Speed gates come to the Churn Valley

Road safety has been an ongoing concern for residents who live along the A435 in the Churn Valley.


In particular the speed of traffic going through North Cerney. There have been regular speed checks by the police and community which show a small but persistent number of drivers exceeding the 40mph limit.

The centre of the village sees pedestrians including school children crossing the road to catch buses, a busy junction into the village and accessing the pub and primary school.

Cllr Paul Hodgkinson discussed these issues with North Cerney Parish Council last year and – after meeting Highways on site – agreed to jointly fund a set of 4 gates at either end of the village. These gates are a feature of some other villages in the Cotswolds and the aim is to alert drivers to the fact they’re entering a village environment and a lower speed limit.

The gates have been jointly funded by Paul with the small pot of money he gets each year to fund highways projects, North Cerney Parish Council and Gloucestershire Highways.

The good news is that all 4 gates are now in place.

Further up the A435 heading to Cheltenham, two trial gates have been installed approaching the turning into Rendcomb. The aim of these is once again to slow traffic after numerous complaints about difficulties in exiting the junction there safely. These gates have also been jointly funded with Rendcomb Parish Council.

New funding gives Hall a boost

A welcome cash initiative from Cotswold District Council has given a Churn Valley landmark building a new lease of life.

Hall Committee Chairwoman Denise Ewbank (left) with Paul Hodgkinson (2nd left) and the Community Payback Team who have been working on the Hall’s renovation

The funding for community projects has allocated £10,000 to the North Cerney Memorial Hall to help with its renovation.

Cllr Paul Hodgkinson has worked with the Hall’s management committee to get the grant from the Council. The money will be pooled with cash raised from other fundraising events, grants and generous donors to bring the Hall back to its former state for the benefit of local villages:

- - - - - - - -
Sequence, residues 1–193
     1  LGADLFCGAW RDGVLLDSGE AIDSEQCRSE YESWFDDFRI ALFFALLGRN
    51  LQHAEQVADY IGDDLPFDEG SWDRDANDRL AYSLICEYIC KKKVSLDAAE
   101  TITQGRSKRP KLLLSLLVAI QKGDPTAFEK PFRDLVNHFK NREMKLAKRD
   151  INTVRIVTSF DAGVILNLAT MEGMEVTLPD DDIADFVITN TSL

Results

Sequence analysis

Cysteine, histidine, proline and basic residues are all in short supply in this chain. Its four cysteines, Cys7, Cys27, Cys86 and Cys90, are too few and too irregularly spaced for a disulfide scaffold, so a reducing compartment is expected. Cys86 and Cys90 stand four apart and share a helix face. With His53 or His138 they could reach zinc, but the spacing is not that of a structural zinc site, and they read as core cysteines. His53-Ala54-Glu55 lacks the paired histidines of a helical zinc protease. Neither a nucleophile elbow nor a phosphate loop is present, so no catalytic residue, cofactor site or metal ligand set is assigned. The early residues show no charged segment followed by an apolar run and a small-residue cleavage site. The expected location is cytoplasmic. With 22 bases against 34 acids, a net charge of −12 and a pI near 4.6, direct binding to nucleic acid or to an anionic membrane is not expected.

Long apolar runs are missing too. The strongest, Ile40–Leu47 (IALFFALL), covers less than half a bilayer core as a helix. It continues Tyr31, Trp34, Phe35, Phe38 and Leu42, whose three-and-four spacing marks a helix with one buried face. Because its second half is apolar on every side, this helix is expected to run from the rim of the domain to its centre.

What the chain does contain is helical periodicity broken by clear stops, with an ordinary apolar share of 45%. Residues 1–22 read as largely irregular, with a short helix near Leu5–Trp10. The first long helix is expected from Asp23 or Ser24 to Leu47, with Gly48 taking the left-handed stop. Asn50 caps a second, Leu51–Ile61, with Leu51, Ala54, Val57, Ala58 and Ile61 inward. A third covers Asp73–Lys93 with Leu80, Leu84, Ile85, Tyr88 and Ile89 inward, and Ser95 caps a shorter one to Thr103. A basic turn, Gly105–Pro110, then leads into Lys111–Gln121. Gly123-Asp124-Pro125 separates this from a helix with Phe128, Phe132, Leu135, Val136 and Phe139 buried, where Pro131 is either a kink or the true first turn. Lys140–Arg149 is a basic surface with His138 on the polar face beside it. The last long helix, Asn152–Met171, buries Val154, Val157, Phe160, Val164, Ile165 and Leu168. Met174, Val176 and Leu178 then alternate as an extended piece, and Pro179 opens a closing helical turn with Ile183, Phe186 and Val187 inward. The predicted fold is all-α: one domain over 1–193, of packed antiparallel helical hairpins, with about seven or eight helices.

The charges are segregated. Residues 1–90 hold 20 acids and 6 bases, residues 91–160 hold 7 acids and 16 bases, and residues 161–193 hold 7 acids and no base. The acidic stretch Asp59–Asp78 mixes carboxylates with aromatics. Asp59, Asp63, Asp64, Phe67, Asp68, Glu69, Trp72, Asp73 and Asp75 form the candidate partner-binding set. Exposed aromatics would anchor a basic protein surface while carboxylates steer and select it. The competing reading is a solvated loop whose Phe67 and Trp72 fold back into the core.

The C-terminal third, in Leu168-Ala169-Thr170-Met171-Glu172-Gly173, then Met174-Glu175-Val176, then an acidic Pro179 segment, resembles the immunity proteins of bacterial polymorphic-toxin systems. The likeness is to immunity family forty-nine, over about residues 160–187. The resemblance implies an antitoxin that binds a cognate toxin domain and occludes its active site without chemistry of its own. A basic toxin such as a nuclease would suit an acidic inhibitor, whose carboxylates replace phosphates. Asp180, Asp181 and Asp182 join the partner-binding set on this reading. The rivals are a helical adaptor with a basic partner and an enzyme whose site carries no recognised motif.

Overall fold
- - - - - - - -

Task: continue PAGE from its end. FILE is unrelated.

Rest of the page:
“The Hall’s committee – along with other local people – has been working like stink to raise money to make the building a really welcoming, warm and attractive venue for everyone to use. It’s got a lot of history and is already looking great with new decoration inside. I know the toilets will be replaced soon and the heating upgraded later in the year so the place is going to look splendid!”

“Along with the excellent village hall at Rendcomb, the Churn Valley will soon have two community buildings which we can use and be proud of.”

Paths, potholes and plastics!

All of the parish councils in the Churn Valley have just held their Annual Parish Meetings and various issues have been raised.

Cllr Paul Hodgkinson (right) with Cllr John Hughes (Shadow Environment Spokesman) - plastics was a hot topic at the annual parish meetings

Cllr Paul Hodgkinson spoke at each meeting with a report back on what had been happening both locally and CDC-wide in the last 12 months.

Paul said, “It was great to see lots of people at North Cerney, Baunton, Rendcomb, Coberley and Bagendon parish council meetings in the last ten days.”

“Locally, I spoke about littering of verges along the A435 and the Whiteway in particular and how people can call CDC on 01285 623623 to get the are cleared quickly. Also, the state of some roads is appalling! Potholes are an ongoing bugbear and I report them as I see them, but residents can do the same direct to GCC. I can get on the case if they aren’t fixed promptly.”

“People also wanted to know how the Churn Valley Safer Cycle and Walkers Path is developing. I told them about how the existing bridlepath is being brought up to the correct standard and how the route could now be extended to Rendcomb from North Cerney.”

“There was lots of good feedback on the news that CDC will be introducing kerbside hard plastics recycling from the autumn – something I’ve campaigned for vigorously for the last 5 years. The poor decision of CDC’s administration to recommend 24/7 car parking charges across the district was also discussed and there was relief that in the end they had only gone ahead with this in one car park.”

Colesbourne has a parish meeting rather than a council and no date has yet been fixed for their annual meeting.

Rendcomb Cycle Path – options heard

The Churn Valley Safer Cycle and Walkers Path was up for discussion last week.


A meeting of the volunteers group which has been working on the path for four years was held at Rendcomb College on May 1. The meeting – chaired by Cllr Paul Hodgkinson – heard about a number of options for extending the path from North Cerney to Rendcomb.

Cllr Hodgkinson said, “The path at the moment runs along the existing bridlepath between Stratton and North Cerney, winding its way through Baunton and Perrotts Brook. Now, we are considering a number of potential routes so that walkers and mountain bikers can safely go to Rendcomb without having to use the more dangerous A435.

Members of the group will walk various routes shortly and are working with Glos County Council Rights of Way officer Mike Barton to find the best route.